Geithner apologises for tax transgressions
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The man US President Barack Obama has chosen to be the next US Treasury Secretary, Timothy Geithner, apologised at his confirmation hearing for his failure to pay $34,000 in back taxes while vowing to unfreeze credit and hold Wall Street to account.
AFP - Treasury secretary designate Timothy Geithner apologized Wednesday over past tax transgressions while vowing to act with "strength, speed and care" to get the stricken US economy moving again.
At his confirmation hearing, the outgoing head of the New York Federal Reserve underlined President Barack Obama's determination to do what it takes to unfreeze credit, rebuild broken infrastructure and clean up Wall Street.
On Obama's first full day in office, Geithner, 47, expressed contrition after revelations that he failed to pay 34,000 dollars in income taxes while working at the International Monetary Fund earlier in the decade.
"These were careless mistakes. They were avoidable mistakes. But they were completely unintentional," he said, apologizing to the Senate finance committee for the distraction caused by the affair.
"I should have been more careful. I have gone back and corrected these errors and paid what I owed," he said, explaining he had relied on "Turbo Tax" software and accountants but took full responsibility himself.
The committee's Democratic chairman Max Baucus said the errors, arising from Geithner's tax status in 2001-2004 as a US national working for the tax-free IMF, were "innocent mistakes."
In more ordinary times, the unpaid taxes, and Geithner's admission that his former housekeeper's work visa expired during her employment with his family, would likely have derailed the nomination.
But in these extraordinary times, as the United States grapples with what former Fed chairman Paul Volcker said was "the mother of all financial crises," the embarrassment is not expected to prove a crippling impediment to Geithner.
"I believe that Mr Geithner has sufficiently corrected the errors. I know a man of Mr Geithner's talent and dedication will be meticulous on these points in the future," Baucus said.
The committee's senior Republican, Chuck Grassley, flagged up Geithner's undoubted experience but asked: "How much does this troubled tax history reflect on his judgment?"
Grassley noted that as Treasury secretary, Geithner would command the Internal Revenue Service -- and joined other committee members in saying the affair underlined the need for reform of the US tax code.
The Senate finance committee had scheduled a hearing for last Friday but Republican objections over the tax controversy pushed it back past Tuesday's inauguration of Obama.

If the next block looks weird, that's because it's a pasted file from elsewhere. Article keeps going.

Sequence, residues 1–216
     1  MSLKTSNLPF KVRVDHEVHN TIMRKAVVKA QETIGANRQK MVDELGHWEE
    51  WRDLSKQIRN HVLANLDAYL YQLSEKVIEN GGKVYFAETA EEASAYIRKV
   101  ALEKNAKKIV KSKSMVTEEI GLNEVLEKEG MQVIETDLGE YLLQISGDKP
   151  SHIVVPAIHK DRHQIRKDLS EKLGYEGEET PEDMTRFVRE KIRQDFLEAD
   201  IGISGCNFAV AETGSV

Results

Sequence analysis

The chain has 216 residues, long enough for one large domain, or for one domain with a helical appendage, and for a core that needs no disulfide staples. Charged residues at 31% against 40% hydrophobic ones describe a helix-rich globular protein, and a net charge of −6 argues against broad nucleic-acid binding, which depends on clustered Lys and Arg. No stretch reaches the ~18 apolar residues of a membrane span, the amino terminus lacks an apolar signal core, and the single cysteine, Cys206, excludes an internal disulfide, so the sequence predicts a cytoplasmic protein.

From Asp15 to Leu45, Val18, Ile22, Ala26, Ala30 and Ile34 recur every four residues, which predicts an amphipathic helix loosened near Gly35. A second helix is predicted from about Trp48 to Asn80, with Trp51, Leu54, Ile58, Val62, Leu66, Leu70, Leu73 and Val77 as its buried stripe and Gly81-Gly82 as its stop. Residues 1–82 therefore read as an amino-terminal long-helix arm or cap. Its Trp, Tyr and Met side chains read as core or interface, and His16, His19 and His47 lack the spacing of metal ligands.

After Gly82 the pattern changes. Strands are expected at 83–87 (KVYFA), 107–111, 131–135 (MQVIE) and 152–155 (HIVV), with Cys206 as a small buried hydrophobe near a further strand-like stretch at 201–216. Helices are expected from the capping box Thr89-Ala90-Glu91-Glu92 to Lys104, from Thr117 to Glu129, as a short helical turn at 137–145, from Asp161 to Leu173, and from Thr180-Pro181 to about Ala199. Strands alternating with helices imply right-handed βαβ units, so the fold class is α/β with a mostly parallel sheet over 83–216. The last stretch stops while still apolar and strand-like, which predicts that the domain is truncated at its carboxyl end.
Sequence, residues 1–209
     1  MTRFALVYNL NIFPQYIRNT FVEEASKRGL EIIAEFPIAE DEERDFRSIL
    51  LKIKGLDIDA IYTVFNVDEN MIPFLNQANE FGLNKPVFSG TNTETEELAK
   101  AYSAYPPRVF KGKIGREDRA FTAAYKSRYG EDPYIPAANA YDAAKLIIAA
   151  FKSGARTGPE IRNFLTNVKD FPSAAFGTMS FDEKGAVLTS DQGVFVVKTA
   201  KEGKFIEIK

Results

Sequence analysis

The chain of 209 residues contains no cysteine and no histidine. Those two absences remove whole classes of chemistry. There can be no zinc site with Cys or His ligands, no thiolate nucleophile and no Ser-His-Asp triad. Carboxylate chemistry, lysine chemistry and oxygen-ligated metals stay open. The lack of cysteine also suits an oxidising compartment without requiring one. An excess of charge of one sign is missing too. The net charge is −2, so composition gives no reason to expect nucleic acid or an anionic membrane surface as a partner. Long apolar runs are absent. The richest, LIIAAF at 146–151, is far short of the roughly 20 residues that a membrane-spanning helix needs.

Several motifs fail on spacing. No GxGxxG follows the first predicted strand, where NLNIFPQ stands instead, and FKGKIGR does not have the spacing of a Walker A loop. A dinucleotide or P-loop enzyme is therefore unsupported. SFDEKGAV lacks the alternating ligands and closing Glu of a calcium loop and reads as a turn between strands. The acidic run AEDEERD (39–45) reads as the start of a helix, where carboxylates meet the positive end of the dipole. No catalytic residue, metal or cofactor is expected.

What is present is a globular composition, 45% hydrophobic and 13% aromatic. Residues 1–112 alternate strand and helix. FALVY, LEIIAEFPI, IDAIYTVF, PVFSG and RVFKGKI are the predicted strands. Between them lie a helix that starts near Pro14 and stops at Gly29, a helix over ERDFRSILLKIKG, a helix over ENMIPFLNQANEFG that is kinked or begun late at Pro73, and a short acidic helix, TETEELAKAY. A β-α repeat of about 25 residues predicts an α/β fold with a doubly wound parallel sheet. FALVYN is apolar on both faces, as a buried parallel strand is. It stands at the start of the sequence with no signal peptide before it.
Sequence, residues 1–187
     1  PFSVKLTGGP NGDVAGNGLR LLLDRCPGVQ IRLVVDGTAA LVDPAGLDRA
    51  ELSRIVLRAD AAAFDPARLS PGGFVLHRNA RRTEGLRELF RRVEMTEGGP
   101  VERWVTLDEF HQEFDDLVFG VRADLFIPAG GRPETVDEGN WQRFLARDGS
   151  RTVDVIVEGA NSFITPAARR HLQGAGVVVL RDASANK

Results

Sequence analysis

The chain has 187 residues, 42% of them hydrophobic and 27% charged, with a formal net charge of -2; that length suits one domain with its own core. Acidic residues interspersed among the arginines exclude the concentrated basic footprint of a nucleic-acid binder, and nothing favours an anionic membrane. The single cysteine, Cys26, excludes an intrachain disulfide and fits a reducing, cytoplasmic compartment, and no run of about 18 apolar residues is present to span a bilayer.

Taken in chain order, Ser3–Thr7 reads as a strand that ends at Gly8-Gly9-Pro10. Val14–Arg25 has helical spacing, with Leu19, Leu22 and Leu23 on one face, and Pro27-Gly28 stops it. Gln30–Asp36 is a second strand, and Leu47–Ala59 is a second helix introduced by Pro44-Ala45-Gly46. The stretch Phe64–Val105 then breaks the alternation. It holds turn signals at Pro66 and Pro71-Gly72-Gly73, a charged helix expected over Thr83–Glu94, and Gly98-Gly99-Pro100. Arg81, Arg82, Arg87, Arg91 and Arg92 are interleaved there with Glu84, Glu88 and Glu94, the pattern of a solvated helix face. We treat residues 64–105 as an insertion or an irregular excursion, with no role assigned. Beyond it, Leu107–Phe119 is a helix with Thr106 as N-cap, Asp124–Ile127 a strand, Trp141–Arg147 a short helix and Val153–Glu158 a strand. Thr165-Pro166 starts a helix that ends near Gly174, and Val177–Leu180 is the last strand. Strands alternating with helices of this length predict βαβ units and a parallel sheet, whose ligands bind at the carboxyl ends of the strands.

The move meant that Obama lacked a Treasury secretary as soon as he took office, with an immediate reminder of the stakes involved as global stocks sank in the face of a deepening banking crisis.
In his inaugural speech, Obama said "greed and irresponsibility" were the roots of the crisis but also blamed "our collective failure to make hard choices" and vowed "action, bold and swift" to mend the economy.
In his written testimony, Geithner said: "Our test is to act with the strength, speed and care necessary to get our economy back on track, and restore America's faith in our economic future."
He gave few specifics but promised "aggressive" action to unblock frozen credit with the help of a 825-billion-dollar stimulus package that the new administration hopes to hustle through Congress soon.
Geithner vowed "serious reform" to improve the transparency of a 700-billion-dollar financial bailout rushed out last year by the departed administration of George W. Bush.
And Geithner pledged the Obama administration would work "as quickly as possible" once recovery is underway to fix the nation's trillion-dollar budget deficit.
To that end, he said the Obama administration wanted to consult with Congress on long-term reforms to Social Security retirement benefits and Medicare health insurance for seniors -- two of the budget's biggest burdens.
The Treasury nominee declined to commit to an idea for the government to establish a banking "clearing house" to clear US lenders of their onerous bad debts.
Democratic Senator Charles Schumer of New York said the proposal could cost three to four trillion dollars, as he joined Volcker in delivering messages of support for Geithner despite the tax affair.
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